Catheter Ablation: In this technique, radiofrequency energy (heat), cryotherapy (freezing), or other energy forms are used to abort electrical functions in small areas of heart muscle that give rise to the abnormal electrical signals that cause irregular heart rhythms.

Danger signs

An abnormal heart rate or rhythm

An unusually rapid heart rate that comes and goes, even when the person is at rest

Episodes of fainting due to unknown cause

A low heart pumping/ejection fraction (EF). Ejection fraction measures how much blood is 
pumped by the ventricles with each heart beat. A healthy heart pumps 55 per cent or more of its blood with each beat. People at highest risk for SCD have ejection fractions of less than 40 per cent.

Source : The Hindu

Comments

Popular posts from this blog

Janani Shishu Suraksha Karyakram

FEATURE H&FW B.   Narzary * Reducing the maternal and infant mortality rate is the key goal feature of the Reproductive and Child Health Programme under the National Rural Health Mission. Several initiatives have been launched by the Ministry of Health & Family Welfare under the Mission including  Janani   Suraksha   Yojana , a key intervention that has resulted in phenomenal growth in institutional deliveries with more than one  crore  women  beneficiaries  annually. JSY was launched to promote institutional deliveries so that skilled attendance at birth is made available  and  mothers and new born babies can be saved from pregnancy related complications and deaths.

Folk Dances of India

India is a land of diverse cultures and traditions. Each region of the country has a unique culture, which is also prominently visible in its various art forms. Almost all the regions of the country have their specific folk music and dance, which proves to be a wonderful way of expression of their community and its traditions. Though these folk dances are not as complex as the classical dance forms, they are very beautiful, because of the essence of rawness in them. Be it the Bihu of Assam, Dol-Cholom of Manipur, Hikal of Himachal Pradesh or Chhau of Bihar, each of the Indian folk dance forms comes across as a reflection of the deep sited beliefs and traditions of a particular culture. The folk dances of any community are performed on almost every special occasion and festival, to express elation and joy. These dances are also considered to be auspicious by many of the tribal communities in the country. Many folk dances are dedicated to the presiding deity of the specific commu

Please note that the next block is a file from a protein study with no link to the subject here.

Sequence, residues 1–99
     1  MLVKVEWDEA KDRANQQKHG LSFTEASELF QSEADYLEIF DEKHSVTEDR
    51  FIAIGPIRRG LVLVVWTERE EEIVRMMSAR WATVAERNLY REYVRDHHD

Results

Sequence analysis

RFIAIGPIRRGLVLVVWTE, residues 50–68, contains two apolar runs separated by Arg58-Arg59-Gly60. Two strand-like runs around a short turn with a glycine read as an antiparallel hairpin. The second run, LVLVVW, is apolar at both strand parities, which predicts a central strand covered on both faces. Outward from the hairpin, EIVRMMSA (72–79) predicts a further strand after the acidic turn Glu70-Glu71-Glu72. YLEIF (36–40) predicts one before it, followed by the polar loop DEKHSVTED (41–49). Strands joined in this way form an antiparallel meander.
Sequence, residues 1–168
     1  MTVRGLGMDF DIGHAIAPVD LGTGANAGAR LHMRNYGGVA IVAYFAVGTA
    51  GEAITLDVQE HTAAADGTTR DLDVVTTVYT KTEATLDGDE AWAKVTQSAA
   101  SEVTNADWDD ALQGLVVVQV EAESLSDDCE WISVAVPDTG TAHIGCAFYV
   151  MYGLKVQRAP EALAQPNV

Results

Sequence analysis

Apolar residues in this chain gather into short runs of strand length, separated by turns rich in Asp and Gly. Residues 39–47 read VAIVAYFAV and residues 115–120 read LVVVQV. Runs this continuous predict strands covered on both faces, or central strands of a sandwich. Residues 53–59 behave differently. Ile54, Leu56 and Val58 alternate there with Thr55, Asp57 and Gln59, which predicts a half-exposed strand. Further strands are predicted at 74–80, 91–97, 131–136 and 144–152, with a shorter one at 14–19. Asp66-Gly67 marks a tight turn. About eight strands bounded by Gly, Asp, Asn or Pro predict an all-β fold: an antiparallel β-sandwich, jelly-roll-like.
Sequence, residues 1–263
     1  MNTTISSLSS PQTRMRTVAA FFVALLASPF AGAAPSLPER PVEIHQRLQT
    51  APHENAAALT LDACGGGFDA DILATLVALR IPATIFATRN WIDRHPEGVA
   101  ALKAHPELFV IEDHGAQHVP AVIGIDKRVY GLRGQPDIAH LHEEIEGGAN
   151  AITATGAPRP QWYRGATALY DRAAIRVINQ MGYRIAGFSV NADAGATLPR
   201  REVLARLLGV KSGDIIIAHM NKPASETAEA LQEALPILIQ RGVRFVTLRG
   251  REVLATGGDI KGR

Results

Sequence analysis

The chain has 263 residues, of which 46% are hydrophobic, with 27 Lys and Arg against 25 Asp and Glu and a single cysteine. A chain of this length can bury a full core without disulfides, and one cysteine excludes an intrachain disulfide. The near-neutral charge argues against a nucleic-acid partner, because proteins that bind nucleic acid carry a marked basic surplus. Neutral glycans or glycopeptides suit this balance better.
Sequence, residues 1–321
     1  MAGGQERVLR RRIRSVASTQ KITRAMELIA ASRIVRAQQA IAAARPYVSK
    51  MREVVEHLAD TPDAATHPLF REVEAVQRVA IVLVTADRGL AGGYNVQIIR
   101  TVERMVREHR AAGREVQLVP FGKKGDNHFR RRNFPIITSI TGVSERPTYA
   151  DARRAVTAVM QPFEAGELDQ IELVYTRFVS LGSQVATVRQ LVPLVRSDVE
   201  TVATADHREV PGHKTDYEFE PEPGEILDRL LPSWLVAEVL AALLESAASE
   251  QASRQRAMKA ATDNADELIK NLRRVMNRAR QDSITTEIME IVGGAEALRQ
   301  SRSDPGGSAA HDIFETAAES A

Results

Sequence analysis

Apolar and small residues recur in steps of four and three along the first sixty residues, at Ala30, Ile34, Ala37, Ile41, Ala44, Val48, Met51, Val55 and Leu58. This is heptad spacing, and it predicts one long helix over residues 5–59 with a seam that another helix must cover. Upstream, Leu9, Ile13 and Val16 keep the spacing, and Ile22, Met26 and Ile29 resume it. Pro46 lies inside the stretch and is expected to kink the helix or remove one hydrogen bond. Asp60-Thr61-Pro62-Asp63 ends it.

Schemes & Facilities for the Senior Citizens

  FEATURE SJE A demographic revolution is taking place throughout the world indicating a phenomenal rise in the population of the elderly. According to a UN estimate, the population of the people aged 60 years and above is expected to grow to 1.2 billion by 2025 and to 2 billion by 2050. Today, about two thirds of all the older people are living in the developing world. As per the Census 2001, in India, there were 77 million persons above 60 years constituting 7.5% of the total population of the country. This number is projected to go up to  12.4% of the population in 2026.  Such an increase obviously will throw up numerous challenges in designing old age specific programmes and schemes and addressing their issues in a comprehensive manner.   The Ministry of Social Justice & Empowerment  announced a National Policy for Older Persons in January, 1999. This policy reaffirmed the commitment of the Government to ensure the well-being of the older persons in a h